Editor’s Note: This is the third in a series of articles from Matt Catchick on the Michigan Medical Marijuana Act (MMMA). To read the first CLICK HERE.
Does a police officer first have to check with the Michigan Medical Marijuana Act (“MMMA”) Registry to confirm a suspect is not on that Registry before requesting a Search Warrant?
The Michigan Court of Appeals, in People v. Anthony Ryan Brown, said NO. In that case, Mr. Brown’s former roommate informed the police that Mr. Brown was growing marijuana in his laundry room. The police used that tip, as well as pieces of a marijuana plant found in Mr. Brown’s curbside trash, to secure a search warrant. Mr. Brown argued the search warrant was invalid because the police did not first check to see if Mr. Brown was a legally-registered marijuana grower under the MMMA. The Court of Appeals rejected that argument.
The Court of Appeals ruled that, when establishing probable cause to request a search warrant, the police do NOT have to first confirm whether the suspect’s marijuana-related activates are legal under the MMMA. The Police only need to prove there is a “substantial basis for inferring a fair probability” that drugs or evidence of drugs exist in the stated location. It is important to note that, in Mr. Brown’s case, he could not rely on his getting a MMMA Card after his arrest as a defense because, at the time of his arrest, Mr. Brown failed to follow the strict and highly technical MMMA requirements as to growing marijuana.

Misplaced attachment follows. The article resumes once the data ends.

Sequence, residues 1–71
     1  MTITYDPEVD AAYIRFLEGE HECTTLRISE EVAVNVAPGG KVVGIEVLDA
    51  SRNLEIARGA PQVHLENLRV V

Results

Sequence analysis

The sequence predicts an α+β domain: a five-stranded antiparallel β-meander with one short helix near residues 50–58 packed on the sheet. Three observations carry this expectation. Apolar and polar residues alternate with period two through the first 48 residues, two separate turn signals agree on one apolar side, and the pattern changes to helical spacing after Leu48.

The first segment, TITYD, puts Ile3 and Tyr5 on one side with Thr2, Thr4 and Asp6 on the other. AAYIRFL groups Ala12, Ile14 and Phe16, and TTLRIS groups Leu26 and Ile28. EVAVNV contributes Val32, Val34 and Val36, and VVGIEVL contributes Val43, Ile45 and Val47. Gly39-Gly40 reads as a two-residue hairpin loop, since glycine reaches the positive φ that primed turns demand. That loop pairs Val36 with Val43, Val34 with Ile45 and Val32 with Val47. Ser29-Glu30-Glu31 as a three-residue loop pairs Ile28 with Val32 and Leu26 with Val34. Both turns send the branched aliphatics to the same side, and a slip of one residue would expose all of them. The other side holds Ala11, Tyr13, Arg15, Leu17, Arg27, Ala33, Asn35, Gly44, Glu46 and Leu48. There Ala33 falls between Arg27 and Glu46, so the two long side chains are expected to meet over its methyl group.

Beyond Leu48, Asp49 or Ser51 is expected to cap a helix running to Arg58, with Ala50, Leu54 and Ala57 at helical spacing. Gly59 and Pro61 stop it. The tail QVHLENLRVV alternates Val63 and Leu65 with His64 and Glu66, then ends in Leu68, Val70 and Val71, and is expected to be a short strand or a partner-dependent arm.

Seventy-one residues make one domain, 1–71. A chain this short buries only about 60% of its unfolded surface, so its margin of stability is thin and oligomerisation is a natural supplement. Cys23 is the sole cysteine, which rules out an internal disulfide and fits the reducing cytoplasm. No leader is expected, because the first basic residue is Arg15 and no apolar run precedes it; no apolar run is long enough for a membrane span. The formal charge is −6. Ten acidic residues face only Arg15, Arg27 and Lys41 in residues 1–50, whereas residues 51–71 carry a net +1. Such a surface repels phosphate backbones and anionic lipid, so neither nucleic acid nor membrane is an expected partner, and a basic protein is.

If you are currently cultivating or contemplating growing marijuana in your house as a registered patient or as a registered caregiver under the MMMA, you should consult with the appropriate attorney to ensure you are in compliance with the strict guidelines of the MMMA. Attorney Matt Catchick of the Dailey Law Firm has been successfully defending and representing clients in drug cases for over fifteen years, and he is available at your convenience for a free initial consultation.